"Telephone" and the Bible

Lesley

Registered Member
#1
If people cannot play a game of "telephone" without messing up the original phrase...how can anyone really be sure about the bible being true?

These stories were passed down orally for generations prior to being written down (OPERATOR!) and then translated into many different languages before evolving into what we know as the Bible today.

Sure, there are many great stories in the bible. I equate them to Aesop's fables...most are meant to teach some sort of morality lesson. But if you see some guy walking on water or hear the sky talking tomorrow, I'd be more apt to believe someone dropped acid in your coke than believe you're witnessing the second coming.

I just don't see how it's possible for someone to think that book is 100% factual.

I'm just sayin'.
 

Merc

Certified Shitlord
V.I.P.
#2
That's the common argument a lot of people use against the bible. It's one of the reasons I don't think it should be followed implicitly.
 

FutureTrackStar

Registered Member
#3
If people cannot play a game of "telephone" without messing up the original phrase...how can anyone really be sure about the bible being true?

These stories were passed down orally for generations prior to being written down (OPERATOR!) and then translated into many different languages before evolving into what we know as the Bible today.

Sure, there are many great stories in the bible. I equate them to Aesop's fables...most are meant to teach some sort of morality lesson. But if you see some guy walking on water or hear the sky talking tomorrow, I'd be more apt to believe someone dropped acid in your coke than believe you're witnessing the second coming.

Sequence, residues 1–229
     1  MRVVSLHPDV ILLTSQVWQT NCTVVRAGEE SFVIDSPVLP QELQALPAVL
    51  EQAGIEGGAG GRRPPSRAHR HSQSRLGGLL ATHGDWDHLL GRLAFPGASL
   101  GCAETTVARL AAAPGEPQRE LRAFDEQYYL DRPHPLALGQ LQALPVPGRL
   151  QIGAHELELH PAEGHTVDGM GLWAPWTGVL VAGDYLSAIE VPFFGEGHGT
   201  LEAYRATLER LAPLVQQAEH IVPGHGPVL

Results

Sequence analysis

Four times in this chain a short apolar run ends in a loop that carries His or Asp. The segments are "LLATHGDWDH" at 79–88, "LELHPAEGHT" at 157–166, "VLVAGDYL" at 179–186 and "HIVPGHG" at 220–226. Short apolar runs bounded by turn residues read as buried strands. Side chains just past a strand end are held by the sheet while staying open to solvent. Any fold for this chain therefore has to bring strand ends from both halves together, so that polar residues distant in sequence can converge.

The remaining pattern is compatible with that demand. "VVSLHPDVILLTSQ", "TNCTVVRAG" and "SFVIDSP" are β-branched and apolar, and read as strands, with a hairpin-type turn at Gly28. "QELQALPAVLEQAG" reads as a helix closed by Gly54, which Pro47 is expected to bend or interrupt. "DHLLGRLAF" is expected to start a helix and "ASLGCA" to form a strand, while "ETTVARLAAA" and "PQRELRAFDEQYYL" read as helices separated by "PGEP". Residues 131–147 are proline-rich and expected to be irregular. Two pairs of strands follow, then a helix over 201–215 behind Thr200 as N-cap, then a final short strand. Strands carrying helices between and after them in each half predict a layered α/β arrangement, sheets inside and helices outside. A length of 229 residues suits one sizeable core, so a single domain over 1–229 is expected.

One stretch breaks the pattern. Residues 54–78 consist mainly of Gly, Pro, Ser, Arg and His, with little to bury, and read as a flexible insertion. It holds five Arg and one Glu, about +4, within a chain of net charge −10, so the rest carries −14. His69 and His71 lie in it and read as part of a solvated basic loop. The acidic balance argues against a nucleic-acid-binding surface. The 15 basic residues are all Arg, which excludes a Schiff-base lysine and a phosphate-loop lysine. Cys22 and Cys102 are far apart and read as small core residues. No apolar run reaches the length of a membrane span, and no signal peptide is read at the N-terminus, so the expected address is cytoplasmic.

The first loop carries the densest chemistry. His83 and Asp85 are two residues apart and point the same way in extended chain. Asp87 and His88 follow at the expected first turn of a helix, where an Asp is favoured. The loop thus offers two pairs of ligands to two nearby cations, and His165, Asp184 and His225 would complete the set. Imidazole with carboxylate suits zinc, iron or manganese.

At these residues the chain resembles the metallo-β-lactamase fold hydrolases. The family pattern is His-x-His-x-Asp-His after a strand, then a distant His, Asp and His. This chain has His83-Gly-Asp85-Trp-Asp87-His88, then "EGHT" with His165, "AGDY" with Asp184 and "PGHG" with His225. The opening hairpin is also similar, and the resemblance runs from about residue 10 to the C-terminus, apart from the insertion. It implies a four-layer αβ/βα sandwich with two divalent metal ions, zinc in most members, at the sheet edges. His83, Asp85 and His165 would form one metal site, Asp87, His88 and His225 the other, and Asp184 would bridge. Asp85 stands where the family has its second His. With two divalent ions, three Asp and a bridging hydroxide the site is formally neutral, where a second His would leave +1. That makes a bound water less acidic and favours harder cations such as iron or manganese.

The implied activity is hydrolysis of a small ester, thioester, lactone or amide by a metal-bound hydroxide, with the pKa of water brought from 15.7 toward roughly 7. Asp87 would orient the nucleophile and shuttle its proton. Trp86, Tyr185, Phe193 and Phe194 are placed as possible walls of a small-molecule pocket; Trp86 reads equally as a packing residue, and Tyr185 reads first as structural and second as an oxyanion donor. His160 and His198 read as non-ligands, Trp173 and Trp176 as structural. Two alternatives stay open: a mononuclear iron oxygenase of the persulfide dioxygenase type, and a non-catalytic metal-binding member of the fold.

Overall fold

I just don't see how it's possible for someone to think that book is 100% factual.

I'm just sayin'.
- First of all, the game of telephone requires its participants to whisper... but I know what you are saying. Are you sure that the stories were passed down orally for generations? Are you completely sure? Many of the books are letters to whole nations, or just cities, so obviously they had to be written down.

The book is not 100% accurate because of errors in the transcription and translation. But here's the thing, the Biblical account is vastly more reliable than the accounts of figures like Plato, Aristotle, Caesar, Alexander the Great, etc. If you can believe the stories about them then you should be able to believe the stories in the Bible.
 

Lesley

Registered Member
#4
The biggest issue I have with that argument FTS, is that generations of people haven't lived their lives according the accounts of Plato, Aristotle, et al.
 

FutureTrackStar

Registered Member
#5
The biggest issue I have with that argument FTS, is that generations of people haven't lived their lives according the accounts of Plato, Aristotle, et al.
- Ok. That's cool lol. Doesn't change what I said though. If you think the writings about them are accurate then you should think the writings of the Bible are correct... maybe not the parts explicitly about God's influence, but things like the wanderings in the desert, the parting of the Red Sea, Jesus' life, etc. Basically all the historical accounts you should consider as accurate.
 

Lesley

Registered Member
#6
Your logic is flawed.